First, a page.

Why Rioting Makes Sense (Even though it Doesn’t)

Two psychological phenomena that might be useful to understand today: the frustration-aggression complex, and diffusion of responsibility-deindividuation.

The frustration-aggression complex simply says that one will act aggressively when one is frustrated. Frustration, in psychology, is defined as being hindered in pursuit of a goal. So, if your goal is justice and fair treatment under the law, then you might feel frustrated today. The more this concern about justice affects you directly, the greater the level of frustration you are likely to experience. How physically or emotionally close or how well we identify with the person(s) who experienced injustice, the more we will feel the concern for justice in ourselves. The more helpless we feel in being able to ameliorate our frustration, the more intense and irrational our aggressive response.

Diffusion of responsibility is the phenomenon of relinquishing a sense of responsibility when within a group. This includes both not taking action when we believe that others within the group will take or have taken action and our not taking full responsibility for actions when operating within a group in which most or all of the other members are doing the same or similar things. This is aided by the phenomenon of deindividuation, which is the loss of personal self-awareness within a group context—one identifies as a member of the group more than identifying as an autonomous individual.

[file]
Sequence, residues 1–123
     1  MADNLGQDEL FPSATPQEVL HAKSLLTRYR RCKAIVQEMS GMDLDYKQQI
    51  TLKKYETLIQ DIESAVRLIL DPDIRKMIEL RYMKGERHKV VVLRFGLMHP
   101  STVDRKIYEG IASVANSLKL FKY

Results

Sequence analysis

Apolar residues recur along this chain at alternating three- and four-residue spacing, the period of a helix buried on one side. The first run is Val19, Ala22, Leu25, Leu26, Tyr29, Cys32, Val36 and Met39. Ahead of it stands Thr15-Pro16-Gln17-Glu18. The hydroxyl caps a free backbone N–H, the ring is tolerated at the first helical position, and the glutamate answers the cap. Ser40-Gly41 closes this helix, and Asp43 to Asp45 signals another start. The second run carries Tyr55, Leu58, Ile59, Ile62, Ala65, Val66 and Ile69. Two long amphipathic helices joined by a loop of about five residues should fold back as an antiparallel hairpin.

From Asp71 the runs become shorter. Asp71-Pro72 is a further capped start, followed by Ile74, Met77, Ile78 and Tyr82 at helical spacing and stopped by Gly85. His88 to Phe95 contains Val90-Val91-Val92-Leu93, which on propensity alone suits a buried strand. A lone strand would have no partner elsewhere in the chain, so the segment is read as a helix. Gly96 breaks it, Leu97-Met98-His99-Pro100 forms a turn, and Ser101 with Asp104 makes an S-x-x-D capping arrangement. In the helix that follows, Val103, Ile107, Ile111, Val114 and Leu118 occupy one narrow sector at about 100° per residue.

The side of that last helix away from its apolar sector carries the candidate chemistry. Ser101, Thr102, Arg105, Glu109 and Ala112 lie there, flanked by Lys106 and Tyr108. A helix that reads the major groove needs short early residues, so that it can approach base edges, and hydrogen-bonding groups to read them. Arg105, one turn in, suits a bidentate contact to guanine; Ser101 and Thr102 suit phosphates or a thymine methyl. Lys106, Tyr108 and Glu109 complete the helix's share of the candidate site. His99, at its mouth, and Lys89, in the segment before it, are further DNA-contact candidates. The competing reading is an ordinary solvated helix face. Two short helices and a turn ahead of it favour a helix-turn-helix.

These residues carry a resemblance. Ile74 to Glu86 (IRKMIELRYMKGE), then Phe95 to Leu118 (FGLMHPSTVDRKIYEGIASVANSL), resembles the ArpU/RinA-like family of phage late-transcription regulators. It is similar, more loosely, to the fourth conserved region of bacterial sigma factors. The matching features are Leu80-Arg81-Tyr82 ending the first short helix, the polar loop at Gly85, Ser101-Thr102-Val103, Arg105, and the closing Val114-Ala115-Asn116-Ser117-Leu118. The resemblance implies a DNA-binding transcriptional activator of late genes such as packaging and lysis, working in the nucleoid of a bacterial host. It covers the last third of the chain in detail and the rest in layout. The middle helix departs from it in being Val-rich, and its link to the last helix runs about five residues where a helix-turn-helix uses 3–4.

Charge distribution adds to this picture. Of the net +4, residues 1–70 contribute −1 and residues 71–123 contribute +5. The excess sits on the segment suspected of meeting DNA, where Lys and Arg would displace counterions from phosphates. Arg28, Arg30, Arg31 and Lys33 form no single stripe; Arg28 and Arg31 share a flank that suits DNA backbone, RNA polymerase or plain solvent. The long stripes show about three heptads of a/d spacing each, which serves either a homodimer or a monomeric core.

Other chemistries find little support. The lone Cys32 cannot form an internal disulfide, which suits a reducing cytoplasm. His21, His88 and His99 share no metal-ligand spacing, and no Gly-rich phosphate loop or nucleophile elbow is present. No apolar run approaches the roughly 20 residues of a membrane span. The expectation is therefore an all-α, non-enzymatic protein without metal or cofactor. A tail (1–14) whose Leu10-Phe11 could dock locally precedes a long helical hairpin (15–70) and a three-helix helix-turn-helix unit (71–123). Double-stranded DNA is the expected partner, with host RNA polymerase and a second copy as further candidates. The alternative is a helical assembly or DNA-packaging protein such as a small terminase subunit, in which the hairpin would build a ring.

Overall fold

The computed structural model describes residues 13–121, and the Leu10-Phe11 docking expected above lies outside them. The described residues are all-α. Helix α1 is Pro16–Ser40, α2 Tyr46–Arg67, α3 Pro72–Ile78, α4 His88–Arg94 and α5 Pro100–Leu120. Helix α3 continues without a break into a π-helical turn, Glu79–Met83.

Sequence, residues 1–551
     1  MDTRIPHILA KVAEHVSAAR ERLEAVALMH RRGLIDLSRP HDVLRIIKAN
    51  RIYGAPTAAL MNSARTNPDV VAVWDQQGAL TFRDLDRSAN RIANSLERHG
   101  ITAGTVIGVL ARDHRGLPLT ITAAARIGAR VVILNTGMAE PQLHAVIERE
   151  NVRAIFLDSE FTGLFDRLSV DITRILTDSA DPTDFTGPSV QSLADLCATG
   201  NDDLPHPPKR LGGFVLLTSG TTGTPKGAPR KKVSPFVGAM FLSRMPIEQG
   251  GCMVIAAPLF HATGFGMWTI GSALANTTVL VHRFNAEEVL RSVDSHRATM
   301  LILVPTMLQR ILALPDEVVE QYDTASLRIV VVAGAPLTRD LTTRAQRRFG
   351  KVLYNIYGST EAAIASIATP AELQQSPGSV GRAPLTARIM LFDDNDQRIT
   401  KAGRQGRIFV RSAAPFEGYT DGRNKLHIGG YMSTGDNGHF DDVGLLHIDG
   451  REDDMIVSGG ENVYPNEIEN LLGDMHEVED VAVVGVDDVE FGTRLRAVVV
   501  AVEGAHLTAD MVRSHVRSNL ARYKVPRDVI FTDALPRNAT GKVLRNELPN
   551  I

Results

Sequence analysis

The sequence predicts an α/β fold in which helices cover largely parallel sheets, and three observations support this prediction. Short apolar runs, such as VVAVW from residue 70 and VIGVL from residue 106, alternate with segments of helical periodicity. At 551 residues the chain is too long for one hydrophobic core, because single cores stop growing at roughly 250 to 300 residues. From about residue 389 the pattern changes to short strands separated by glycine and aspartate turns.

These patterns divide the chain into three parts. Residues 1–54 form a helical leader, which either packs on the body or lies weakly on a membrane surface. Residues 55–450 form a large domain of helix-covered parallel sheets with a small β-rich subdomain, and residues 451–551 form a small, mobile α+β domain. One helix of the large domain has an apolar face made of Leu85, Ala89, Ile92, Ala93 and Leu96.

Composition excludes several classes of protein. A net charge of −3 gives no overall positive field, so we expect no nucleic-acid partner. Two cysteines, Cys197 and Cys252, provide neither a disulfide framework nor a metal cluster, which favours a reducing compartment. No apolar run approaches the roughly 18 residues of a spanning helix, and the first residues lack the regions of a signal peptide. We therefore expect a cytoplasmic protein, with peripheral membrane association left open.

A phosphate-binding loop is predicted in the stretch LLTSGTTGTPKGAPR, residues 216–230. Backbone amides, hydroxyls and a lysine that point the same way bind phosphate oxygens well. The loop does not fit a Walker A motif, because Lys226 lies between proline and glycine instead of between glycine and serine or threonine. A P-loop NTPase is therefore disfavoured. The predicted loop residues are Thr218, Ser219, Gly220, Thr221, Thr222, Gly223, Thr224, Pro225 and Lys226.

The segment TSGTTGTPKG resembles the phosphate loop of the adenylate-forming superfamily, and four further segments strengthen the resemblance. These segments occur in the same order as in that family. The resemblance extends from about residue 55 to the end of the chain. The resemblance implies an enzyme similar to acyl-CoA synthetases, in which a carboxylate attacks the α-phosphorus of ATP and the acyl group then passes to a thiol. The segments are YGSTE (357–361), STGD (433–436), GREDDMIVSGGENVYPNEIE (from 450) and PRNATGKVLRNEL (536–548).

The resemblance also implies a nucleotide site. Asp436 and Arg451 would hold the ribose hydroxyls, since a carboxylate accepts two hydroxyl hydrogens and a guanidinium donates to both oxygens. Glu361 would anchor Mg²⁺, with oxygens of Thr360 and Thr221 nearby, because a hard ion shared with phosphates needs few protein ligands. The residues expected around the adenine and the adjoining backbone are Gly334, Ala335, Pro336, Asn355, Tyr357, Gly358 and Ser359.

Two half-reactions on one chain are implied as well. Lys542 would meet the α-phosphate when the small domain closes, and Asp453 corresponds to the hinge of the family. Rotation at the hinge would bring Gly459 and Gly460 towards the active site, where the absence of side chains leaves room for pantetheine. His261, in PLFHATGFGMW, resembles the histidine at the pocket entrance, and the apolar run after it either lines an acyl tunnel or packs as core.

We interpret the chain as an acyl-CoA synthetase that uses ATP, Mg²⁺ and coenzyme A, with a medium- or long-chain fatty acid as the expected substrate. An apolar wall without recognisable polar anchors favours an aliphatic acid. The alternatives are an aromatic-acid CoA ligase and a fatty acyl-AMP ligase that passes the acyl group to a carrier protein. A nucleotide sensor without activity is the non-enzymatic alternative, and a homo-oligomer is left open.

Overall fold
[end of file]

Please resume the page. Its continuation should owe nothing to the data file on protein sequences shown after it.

These two phenomena combine to provide a psychological context for rioting. Rioting isn’t really about trying to accomplish anything, but as much as a collective statement about not being able to accomplish anything. Applying the standard cause-and-effect paradigm to rioting makes as little sense as the rioting itself. It serves its purpose as statement about feeling helpless.

Throw on top of this the notion that store owners symbolize “having,” whereas experiencing injustice—directly or indirectly—symbolizes “not having” and there is almost a mockery to “having” in the presence of feeling “not having.” Within this skewed mindset, looting feels justifiable—it won’t actually bring about any meaningful effect or change in one’s lie, but it is doing something other than simply swallowing one’s intense frustration (and letting the system of oppression win, as it does on a daily basis).

Rioting is, in a way, a natural behavior given the way the brain processes information to determine which behaviors in which to engage. Sure, it tends to make the situation worse, but that is something only those of us that sit outside of this intense feeling of frustration can truly appreciate.